I recently saw a patient who, like many others before her, had decided it was time to get serious about her health. She wanted my help with better nutrition, weight loss and modifying her risk factors for chronic disease. Making such assessment in the customary ways, I was fully convinced she was motivated, serious and committed.
Unfortunately, in between visits with me, my patient had a primary care appointment that went rather badly. Apparently disgusted that the patient was not taking a recommended medication, this primary care doctor derided the value of lifestyle interventions and told the patient, "It won't be my fault if you leave here and have a heart attack!" She also, apparently, summed up the possibility that weight loss might not fully reflect body fat loss (and muscle gain) as "bull!" I recently learned of all this when the patient called me, confused and distraught.
With my patient's permission, I hope to speak soon with my colleague and attempt a meeting of the minds. For the time being, though, we have a situation nicely summed up by Cool Hand Luke: "What we've got here is a failure to communicate." Apparently, Luke had just left his doctor's office.
My patient did, indeed, have chronic disease risk factors, including slightly elevated blood pressure and cholesterol, along with early signs of diabetes risk. She is well aware of this, having addressed it with her primary care provider on prior occasions. She had been prescribed medication for lowering her cholesterol, but had not tolerated it well. She came to see me to explore other options.
Those other options are readily available. The American Heart Association, the National Heart, Lung, and Blood Institute and the National Cholesterol Education Program all recommend lifestyle changes -- diet, exercise and weight control -- as the primary approach to cholesterol lowering. The method is referred to as "therapeutic lifestyle changes," or TLC.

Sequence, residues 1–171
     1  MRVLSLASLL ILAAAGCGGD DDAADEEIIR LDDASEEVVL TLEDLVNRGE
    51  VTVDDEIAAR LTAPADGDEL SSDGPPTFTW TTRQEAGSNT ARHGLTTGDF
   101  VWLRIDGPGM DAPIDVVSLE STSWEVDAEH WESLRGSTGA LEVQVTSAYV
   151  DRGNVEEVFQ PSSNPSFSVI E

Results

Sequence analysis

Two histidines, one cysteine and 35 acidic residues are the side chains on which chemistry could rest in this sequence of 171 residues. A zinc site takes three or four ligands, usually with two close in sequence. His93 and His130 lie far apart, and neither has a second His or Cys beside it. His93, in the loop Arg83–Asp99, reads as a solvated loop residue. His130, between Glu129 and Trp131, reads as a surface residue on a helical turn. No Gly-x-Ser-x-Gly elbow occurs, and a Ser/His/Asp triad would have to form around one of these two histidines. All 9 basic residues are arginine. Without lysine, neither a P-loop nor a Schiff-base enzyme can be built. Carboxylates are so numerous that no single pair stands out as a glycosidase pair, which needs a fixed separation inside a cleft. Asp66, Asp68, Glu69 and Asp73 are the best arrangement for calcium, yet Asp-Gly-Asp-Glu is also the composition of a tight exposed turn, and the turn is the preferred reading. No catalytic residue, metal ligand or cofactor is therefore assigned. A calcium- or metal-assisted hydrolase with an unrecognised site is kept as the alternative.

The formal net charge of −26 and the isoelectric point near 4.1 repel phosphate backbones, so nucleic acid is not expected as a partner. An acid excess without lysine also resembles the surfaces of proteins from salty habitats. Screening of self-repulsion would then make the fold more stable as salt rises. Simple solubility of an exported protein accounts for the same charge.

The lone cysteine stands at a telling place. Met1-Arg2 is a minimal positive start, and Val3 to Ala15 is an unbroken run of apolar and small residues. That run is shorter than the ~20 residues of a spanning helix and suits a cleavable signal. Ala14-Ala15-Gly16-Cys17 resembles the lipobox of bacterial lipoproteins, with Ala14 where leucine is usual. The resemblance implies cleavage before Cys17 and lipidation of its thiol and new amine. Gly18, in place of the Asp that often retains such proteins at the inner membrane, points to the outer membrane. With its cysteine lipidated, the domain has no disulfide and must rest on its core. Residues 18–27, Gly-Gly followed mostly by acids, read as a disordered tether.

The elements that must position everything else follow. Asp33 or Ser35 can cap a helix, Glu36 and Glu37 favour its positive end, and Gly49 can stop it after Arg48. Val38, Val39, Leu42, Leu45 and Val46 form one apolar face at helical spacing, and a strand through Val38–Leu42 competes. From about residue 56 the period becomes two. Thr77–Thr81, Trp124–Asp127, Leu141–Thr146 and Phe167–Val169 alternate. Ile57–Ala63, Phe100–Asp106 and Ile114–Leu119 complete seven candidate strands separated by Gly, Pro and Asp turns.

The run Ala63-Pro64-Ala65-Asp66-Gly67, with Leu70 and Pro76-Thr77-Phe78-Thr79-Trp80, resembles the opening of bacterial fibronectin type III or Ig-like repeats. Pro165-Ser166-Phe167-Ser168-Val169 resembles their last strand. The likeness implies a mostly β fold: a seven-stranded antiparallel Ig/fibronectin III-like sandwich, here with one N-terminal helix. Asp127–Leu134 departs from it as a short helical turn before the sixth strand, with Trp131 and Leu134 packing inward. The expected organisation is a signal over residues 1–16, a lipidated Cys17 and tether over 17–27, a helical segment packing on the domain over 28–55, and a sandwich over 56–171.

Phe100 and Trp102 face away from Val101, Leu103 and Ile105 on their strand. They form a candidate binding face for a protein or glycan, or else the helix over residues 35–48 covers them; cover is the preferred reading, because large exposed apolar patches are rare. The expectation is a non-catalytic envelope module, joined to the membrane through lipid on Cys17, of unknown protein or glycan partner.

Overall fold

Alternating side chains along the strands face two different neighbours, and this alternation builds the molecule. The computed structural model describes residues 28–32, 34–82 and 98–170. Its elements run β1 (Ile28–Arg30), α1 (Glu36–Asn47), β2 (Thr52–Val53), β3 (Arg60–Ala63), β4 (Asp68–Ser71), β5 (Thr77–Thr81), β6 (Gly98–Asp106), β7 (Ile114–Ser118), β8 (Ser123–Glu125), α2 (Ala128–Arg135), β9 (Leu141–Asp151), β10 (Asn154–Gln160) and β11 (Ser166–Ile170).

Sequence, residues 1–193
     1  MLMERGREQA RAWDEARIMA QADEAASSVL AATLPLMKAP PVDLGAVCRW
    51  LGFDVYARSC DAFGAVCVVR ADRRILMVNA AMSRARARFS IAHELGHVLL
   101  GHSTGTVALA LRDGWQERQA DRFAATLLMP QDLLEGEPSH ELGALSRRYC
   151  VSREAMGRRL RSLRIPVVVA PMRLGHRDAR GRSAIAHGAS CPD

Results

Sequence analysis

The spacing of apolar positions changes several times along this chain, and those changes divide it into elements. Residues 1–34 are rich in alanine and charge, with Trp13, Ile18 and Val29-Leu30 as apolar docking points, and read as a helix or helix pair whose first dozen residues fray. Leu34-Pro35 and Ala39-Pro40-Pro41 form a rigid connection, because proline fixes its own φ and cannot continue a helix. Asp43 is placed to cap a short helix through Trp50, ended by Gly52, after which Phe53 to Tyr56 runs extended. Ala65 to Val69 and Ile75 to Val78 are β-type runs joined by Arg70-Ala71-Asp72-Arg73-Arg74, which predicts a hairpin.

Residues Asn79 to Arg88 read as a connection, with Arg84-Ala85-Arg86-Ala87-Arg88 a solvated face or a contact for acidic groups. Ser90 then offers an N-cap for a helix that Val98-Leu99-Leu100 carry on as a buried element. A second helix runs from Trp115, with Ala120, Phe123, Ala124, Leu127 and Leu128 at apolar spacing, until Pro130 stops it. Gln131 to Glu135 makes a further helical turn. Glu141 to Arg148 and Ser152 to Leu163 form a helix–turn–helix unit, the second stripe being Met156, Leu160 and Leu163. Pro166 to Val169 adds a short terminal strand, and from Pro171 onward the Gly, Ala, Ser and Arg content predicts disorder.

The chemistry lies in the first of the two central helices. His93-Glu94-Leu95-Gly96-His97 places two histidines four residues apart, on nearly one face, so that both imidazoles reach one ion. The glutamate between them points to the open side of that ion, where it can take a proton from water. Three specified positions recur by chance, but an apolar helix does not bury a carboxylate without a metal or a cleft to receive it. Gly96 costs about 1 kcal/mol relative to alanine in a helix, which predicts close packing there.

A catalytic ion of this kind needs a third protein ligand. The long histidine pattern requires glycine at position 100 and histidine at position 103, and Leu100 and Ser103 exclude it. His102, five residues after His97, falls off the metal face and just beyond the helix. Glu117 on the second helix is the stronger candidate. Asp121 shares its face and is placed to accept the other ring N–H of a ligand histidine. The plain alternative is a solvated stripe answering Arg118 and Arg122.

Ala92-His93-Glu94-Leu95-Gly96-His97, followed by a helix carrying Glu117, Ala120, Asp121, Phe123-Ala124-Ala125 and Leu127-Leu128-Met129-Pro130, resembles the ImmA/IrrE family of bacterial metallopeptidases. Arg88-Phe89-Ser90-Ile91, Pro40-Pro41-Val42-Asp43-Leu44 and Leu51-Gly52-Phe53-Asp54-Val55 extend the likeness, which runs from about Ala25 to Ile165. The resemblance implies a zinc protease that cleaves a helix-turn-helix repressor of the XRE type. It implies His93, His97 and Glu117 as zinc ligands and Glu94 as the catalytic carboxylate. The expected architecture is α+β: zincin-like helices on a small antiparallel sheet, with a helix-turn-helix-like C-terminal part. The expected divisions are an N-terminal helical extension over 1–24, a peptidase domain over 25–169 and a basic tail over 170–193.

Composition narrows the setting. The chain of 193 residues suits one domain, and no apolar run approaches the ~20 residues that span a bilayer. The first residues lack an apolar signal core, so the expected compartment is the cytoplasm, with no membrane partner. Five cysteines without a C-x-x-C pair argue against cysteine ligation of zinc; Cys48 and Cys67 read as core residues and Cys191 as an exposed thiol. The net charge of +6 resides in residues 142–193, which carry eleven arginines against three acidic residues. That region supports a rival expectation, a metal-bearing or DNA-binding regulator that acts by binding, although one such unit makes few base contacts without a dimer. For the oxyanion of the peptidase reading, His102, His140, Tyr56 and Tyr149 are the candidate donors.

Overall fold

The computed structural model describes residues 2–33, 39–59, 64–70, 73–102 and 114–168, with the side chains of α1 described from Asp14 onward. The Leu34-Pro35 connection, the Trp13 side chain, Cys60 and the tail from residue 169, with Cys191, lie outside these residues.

The American Diabetes Association places an emphasis on TLC for both diabetes prevention and management, although in the case of management, medication is used as well. The Joint National Committee on Prevention, Detection, Evaluation and Treatment of High Blood Pressure (I have always felt their name could do with a makeover!) also front-loads with TLC as the first and best method for controlling elevated blood pressure.
The dietary recommendations of these diverse groups -- and, for that matter, the American Cancer Society -- are noteworthy for overlap. By and large, the emphasis is on foods that are close to nature, minimally processed and rich in nutrient value: vegetables, fruits, beans, lentils, whole grains, nuts, seeds, lean meats and fish, eggs, low-fat dairy. Regular physical activity at a moderate level, and the weight control that generally results from eating well and being active, are common recommendations as well.
Evidence that this basic approach is effective when truly followed is decisive. Studies such as the Lyon-Diet Heart Study have shown that a Mediterranean diet based on the foods above lowers the risk of heart attack in high risk individuals by as much as 70 percent. The Dietary Approaches to Stop Hypertension (DASH) studies have shown that a mostly plant-based diet with low- or non-fat dairy can lower blood pressure as effectively, and more safely, than medication.